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Today's Stichomancy for Denise Richards

The first excerpt represents the past or something you must release, and is drawn from The Octopus by Frank Norris:

However, when the sorrow of his life reassailed him, and the thoughts and recollections of Angele brought the ache into his heart, and the tears to his eyes, the temptation to return to the garden invariably gripped him close. There were times when he could not resist. Of themselves, his footsteps turned in that direction. It was almost as if he himself had been called.

Guadalajara was silent, dark. Not even in Solotari's was there a light. The town was asleep. Only the inevitable guitar hummed from an unseen 'dobe. Vanamee pushed on. The smell of the fields and open country, and a distant scent of flowers that he knew well, came to his nostrils, as he emerged from the town by

The second excerpt represents the present or the deciding factor of the moment, and is drawn from The Schoolmistress and Other Stories by Anton Chekhov:

individual answered that he did not know.

" 'And tell me, please,' I asked in conclusion, with whom is that singer living?'

" 'With some engineer called Krikunov.'

"Well, how do you like that, sir? But to proceed. There are no minnesingers or bards nowadays, and celebrity is created almost exclusively by the newspapers. The day after the dedication of the bridge, I greedily snatched up the local _Messenger,_ and looked for myself in it. I spent a long time running my eyes over all the four pages, and at last there it was -- hurrah! I began reading: 'Yesterday in beautiful weather, before a vast concourse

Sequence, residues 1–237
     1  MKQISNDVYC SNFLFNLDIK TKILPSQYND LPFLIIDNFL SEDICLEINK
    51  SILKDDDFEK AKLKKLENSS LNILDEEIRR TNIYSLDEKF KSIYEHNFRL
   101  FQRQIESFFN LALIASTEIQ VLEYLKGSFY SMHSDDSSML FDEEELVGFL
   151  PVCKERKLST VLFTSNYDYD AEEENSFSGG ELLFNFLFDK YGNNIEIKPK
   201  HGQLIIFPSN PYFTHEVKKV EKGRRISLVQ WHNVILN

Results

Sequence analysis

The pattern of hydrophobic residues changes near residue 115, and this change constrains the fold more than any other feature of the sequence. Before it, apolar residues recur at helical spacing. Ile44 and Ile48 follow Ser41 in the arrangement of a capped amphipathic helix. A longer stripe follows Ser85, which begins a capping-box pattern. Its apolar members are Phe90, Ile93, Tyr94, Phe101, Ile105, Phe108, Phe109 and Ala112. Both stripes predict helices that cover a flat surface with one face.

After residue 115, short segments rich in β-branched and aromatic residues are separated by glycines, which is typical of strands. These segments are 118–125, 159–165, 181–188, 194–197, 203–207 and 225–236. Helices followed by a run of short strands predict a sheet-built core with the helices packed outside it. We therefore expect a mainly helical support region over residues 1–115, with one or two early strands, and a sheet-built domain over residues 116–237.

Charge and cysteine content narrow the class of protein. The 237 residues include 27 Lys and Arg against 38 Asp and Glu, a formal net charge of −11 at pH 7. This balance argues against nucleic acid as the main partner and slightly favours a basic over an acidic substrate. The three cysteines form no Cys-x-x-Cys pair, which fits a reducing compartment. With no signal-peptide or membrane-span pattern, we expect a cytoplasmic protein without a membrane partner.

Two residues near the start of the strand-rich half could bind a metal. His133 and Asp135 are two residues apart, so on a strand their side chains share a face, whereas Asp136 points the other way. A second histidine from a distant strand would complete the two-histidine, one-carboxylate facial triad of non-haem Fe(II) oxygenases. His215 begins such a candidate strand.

The Schoolmistress and Other Stories
The third excerpt represents the future or something you must embrace, and is drawn from The Pool of Blood in the Pastor's Study by Grace Isabel Colbron and Augusta Groner:

his own desires. The little silent scene he had watched had lasted just the length of time it had taken the detective to walk through the room and hold out his hand to the patient.

"I don't want to disturb you, Mr. Varna," he said in a friendly tone, with a motion towards the bench from which the mechanician had just arisen. Varna sat down again, obedient as a child. He was not always so apparently, for Muller saw a red mark over the fingers of one hand that was evidently the mark of a blow. Gyuri was not very choice in the methods by which he controlled the patients confided to his care.

"May I sit down also?" asked Muller.